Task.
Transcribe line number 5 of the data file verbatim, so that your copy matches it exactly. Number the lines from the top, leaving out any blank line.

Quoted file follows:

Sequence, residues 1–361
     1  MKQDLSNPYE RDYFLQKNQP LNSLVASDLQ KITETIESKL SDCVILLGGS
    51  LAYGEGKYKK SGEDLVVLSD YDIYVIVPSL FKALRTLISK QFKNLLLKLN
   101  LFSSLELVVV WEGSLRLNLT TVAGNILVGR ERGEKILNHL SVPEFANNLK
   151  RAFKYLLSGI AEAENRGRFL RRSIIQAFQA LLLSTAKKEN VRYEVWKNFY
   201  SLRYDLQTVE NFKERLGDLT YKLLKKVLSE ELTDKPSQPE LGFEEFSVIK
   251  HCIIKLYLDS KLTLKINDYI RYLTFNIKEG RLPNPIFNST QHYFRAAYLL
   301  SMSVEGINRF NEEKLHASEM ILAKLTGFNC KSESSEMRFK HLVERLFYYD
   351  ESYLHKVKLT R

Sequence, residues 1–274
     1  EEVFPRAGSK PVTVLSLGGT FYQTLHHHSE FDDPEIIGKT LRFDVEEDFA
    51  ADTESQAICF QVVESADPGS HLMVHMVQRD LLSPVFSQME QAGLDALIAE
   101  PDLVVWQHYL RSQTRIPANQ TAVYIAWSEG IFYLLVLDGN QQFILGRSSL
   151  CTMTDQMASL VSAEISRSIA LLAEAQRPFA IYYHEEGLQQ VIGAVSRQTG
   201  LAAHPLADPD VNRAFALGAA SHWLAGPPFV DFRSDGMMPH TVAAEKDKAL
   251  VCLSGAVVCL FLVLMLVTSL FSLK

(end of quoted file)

   151  RAFKYLLSGI AEAENRGRFL RRSIIQAFQA LLLSTAKKEN VRYEVWKNFY